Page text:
• Deploy AI to protect and enhance our peatlands – The UK’s peatlands are currently drying out, emitting around 20 million tonnes of CO2 annually. Blocking moorland drains can reverse this process – but locating them on the ground is a difficult and labour-intensive process. By using AI technology and deploying innovative ‘Generative Adversarial Networks’, drains can be rapidly identified using aerial photography, greatly reducing the cost of protecting these important environments.
  • Gather better statistics on the distribution of UK citizens abroad – Using data held across Government and open-source technology, a live data model can be created to show the numbers of UK nationals living, working and holidaying around the world. The data will be used to support activity across Government, including being able to quickly identify UK citizens abroad in an emergency, and the model will be hosted on the ONS integrated data platform, accessible to all Government departments.
  • Track prisoners’ social contacts to support rehabilitation – We know that prisoners who maintain close family ties during their sentences are less likely to re-offend, but data on their social contacts is currently dispersed and of variable quality. Bringing this data together and improving its collection would enable prisons to plan additional support for prisoners suffering from a lack of social contact, helping to reduce reoffending rates.

Though there could only be one winning idea, it’s crucial to understand that the Data Challenge was not just about crowning a champion. All of the shortlisted concepts are viable, well-thought-out ideas that should be taken forward. These teams have received continued mentoring and support to take their ideas forward outside of the challenge.

The winning concept 

The deployment of AI to protect and enhance UK peatlands was selected as the winning team for its potential to help lock more carbon into the ground, reduce flooding risk, and assist the government to achieve its carbon emissions targets. In addition, the project has the potential to be scaled for application worldwide and a first iteration of the solution can be deployed within a little as three months.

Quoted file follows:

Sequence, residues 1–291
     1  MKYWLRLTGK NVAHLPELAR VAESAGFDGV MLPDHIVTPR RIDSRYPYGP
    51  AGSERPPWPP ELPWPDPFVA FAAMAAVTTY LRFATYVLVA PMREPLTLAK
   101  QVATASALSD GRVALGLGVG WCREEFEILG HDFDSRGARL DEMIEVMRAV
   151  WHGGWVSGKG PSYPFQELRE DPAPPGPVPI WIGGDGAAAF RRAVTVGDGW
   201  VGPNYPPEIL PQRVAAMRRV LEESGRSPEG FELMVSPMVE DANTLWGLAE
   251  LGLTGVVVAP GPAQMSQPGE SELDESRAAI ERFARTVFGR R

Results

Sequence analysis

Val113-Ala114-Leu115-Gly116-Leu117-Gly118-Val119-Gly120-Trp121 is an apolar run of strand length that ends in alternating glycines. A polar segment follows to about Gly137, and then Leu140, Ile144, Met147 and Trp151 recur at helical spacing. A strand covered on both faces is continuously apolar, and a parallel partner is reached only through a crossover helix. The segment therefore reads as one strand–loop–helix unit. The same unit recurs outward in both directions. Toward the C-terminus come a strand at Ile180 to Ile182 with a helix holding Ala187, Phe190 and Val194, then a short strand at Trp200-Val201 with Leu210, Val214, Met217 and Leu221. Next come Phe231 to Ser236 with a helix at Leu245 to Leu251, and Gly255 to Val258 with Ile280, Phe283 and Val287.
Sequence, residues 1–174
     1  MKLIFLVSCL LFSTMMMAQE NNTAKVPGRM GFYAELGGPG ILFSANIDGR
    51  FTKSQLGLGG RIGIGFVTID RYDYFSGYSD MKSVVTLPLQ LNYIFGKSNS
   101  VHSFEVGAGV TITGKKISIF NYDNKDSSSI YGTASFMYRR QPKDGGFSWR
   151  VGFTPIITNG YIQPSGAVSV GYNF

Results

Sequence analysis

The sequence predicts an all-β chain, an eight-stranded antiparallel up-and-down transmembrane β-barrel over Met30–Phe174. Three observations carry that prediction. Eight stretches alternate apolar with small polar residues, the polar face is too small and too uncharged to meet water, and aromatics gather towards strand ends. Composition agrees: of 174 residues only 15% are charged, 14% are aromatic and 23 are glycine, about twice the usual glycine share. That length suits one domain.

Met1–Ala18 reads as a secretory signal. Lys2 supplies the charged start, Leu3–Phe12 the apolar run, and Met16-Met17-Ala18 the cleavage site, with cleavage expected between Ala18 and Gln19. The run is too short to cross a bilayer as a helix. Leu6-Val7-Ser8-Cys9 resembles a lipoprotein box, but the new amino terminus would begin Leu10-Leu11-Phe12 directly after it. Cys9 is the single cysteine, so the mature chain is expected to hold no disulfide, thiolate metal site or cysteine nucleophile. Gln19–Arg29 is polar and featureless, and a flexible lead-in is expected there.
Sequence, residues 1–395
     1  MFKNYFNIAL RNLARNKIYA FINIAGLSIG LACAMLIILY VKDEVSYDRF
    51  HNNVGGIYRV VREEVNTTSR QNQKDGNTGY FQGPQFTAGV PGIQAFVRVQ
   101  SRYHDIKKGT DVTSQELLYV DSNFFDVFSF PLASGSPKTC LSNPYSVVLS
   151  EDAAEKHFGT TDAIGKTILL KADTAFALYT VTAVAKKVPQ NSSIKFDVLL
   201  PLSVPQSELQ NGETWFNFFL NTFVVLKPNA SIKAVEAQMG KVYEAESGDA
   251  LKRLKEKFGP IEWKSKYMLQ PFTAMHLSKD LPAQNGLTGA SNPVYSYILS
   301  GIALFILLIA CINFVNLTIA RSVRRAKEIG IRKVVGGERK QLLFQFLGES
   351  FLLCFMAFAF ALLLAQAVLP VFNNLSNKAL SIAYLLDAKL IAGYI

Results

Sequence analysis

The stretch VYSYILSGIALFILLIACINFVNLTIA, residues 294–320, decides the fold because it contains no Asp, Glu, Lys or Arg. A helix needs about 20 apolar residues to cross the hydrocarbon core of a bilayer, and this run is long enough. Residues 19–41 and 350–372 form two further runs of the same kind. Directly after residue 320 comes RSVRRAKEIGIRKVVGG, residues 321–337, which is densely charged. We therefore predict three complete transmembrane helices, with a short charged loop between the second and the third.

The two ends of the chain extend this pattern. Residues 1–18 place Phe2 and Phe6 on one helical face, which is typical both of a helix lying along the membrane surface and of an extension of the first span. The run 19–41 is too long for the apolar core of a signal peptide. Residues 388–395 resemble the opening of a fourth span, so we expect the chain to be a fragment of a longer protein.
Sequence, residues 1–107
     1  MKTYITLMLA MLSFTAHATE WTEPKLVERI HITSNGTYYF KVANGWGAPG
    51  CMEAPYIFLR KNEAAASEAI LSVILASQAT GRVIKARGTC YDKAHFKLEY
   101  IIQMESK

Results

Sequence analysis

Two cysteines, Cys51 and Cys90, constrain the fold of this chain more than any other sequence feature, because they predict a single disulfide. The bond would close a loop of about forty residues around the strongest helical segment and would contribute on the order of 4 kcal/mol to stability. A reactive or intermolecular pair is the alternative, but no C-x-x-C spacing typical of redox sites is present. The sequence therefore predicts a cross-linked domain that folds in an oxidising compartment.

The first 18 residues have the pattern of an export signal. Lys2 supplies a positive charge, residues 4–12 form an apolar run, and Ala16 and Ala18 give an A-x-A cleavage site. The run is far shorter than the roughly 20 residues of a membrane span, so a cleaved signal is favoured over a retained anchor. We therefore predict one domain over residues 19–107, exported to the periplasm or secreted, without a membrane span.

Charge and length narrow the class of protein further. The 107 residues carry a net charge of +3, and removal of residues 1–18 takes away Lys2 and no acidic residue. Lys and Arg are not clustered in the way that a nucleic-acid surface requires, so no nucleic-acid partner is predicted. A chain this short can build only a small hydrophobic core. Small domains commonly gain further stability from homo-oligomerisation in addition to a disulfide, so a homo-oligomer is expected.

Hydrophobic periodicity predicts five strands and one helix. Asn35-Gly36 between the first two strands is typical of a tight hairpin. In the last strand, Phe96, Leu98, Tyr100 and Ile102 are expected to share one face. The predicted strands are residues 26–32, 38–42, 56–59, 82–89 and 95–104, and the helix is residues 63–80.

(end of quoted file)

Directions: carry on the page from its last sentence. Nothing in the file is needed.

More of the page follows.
The team behind the peatlands restoration project are receiving continued support to help get the idea into live service, alongside technical advice from NTT DATA UK.

Public sector potential for better use of data

Using data effectively is crucial to the future of the Civil Service and its success. The Civil Service Data Challenge was created to further this vision, engaging Civil Servants to help shape the data-driven future of government. We saw some incredible ideas throughout the competition and are now providing the winning team with a platform to realise the vision of restoring the UK’s peatlands through the application of AI technologies – contributing directly to the government’s mandate of achieving net-zero.

I want to extend a huge congratulations to every participant who brought wonderfully creative ideas to the table. The enthusiasm and commitment shown by all involved has been fantastic to see.

Whilst the Data Challenge helped to forge new partnerships and learning opportunities, above all, it highlighted the untapped potential within the government for data use. Having over 200 ideas on improving data use speaks for itself - there are many innovative ways that better and smarter data can benefit us all.